Wainwright’s personal and casual approach would have been better received in a more intimate setting. As it was, he had a hard time capturing the interest of his obliviously chattering audience.

Father John Misty

As the afternoon came to a close and the sun began to shine through the trees of Golden Gate Park at Arrow stage, ex-Fleet Foxes drummer J. Tillman, who performs under the moniker Father John Misty, took to the stage shielded by a giant iPhone cutout. The theatrics were clearly a commentary on one of the modern musician’s greatest grievances: the cellphone camera. Whether irked by the technological barriers between performers and their audience or simply teasing his fans with an onstage gag, the ever-quirky Father John Misty did not address the prop — nor did he have to.

Tillman, alone and armed with only a guitar, some reverb and his angelic vocal chords, put all of the quickly growing crowd at Hellman Hollow into a trance with cuts from his debut as Father John Misty, Fear Fun, stopping only momentarily to take a jab at Giants fans and professional sports team allegiances after a dreamy rendition of “Only Son of the Ladiesman.”

Compared to his SUPERB-sponsored Lower Sproul performance last year with an incredibly talented backing band, Tillman’s show at Hardly Strictly was a significant departure, marked by a focus on the singer’s most obvious talent: his voice. Although the twanging live guitars of “I’m Writing A Novel” were certainly missed, the slower version was a welcome alternative, even garnering some laughs from the audience with its ridiculous and caustic lyrics.

Long-haired and bespectacled with Ray-Bans, Tillman fit right in with his audience and fellow performers at the festival. His surprisingly raw set felt like a deliberate step away from the intricately coordinated live musicianship of his old Seattle-based project; the bare-bones setup of the stage and arrangements were unexpectedly pleasant in a day otherwise lined with banjo fills and stand-up bass. Tillman also took the liberty of letting loose a small host of new, unrecognizable material for longtime fans awaiting new Misty material.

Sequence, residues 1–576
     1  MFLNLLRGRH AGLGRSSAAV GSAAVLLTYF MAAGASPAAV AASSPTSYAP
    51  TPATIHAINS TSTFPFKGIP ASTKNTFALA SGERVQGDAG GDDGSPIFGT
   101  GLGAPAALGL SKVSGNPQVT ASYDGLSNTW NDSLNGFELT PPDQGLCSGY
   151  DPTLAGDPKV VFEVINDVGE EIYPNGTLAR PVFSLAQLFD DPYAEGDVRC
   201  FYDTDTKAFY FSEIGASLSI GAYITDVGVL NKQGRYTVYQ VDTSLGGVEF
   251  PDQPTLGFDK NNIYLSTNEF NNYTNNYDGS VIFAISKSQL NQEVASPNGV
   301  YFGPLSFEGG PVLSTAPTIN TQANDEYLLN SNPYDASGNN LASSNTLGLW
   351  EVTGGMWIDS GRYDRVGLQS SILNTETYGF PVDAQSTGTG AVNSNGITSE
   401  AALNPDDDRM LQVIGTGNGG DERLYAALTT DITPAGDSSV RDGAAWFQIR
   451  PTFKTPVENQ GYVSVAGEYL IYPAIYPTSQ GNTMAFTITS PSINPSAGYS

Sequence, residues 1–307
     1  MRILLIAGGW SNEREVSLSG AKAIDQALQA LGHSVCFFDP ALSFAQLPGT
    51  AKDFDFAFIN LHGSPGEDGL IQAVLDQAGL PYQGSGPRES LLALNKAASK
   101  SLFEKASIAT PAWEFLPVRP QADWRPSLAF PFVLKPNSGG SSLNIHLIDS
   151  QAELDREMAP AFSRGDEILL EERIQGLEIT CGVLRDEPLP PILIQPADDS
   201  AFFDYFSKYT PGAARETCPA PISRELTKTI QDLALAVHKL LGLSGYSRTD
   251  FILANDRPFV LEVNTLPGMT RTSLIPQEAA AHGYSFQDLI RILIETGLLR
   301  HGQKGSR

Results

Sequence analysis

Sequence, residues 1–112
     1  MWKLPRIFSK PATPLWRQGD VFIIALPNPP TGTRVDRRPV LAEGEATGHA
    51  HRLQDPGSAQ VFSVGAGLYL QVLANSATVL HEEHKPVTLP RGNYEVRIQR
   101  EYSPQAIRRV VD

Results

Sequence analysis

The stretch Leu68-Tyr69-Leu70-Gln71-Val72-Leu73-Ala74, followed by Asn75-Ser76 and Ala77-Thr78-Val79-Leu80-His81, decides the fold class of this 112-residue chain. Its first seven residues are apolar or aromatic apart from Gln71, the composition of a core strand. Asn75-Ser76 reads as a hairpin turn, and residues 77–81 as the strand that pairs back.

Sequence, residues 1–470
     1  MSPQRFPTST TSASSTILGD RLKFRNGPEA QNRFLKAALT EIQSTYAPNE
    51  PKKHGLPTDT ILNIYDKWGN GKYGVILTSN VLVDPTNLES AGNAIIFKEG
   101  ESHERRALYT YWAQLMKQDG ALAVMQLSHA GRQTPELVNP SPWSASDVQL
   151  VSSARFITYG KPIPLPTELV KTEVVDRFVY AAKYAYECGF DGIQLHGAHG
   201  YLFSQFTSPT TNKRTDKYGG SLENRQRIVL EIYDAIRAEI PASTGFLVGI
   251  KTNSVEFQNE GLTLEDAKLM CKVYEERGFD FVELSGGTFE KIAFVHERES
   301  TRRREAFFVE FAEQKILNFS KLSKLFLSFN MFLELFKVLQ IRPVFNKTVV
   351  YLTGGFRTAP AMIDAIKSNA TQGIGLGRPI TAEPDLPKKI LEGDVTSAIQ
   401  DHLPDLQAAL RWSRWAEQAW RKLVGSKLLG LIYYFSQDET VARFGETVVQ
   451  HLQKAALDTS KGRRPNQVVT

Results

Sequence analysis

Musicianship aside, the conversation and excitement surrounding the performance were undoubtedly signs of Tillman’s growing stock in the indie music mainstream. Taking the stage after indie heavyweights and fellow Sub Pop signees Low, the condition of the grass went from bad to worse as a mass migration of fans — many already quite inebriated by this point — stormed the Hollow to watch the Father preach.

“I’ll just call this what it is, my vanity gone wild with my crisis,” admitted the guilty Tillman as he strummed the final chords of “Now I’m Learning to Love the War” while still staring out into the audience from the painfully apt giant phone cutout as they pointed their phones back at him. Tillman’s performance was not filled with the glamour and shine of the cellular device he was mocking, but its simplicity and immediacy made it one of the most powerful of the weekend.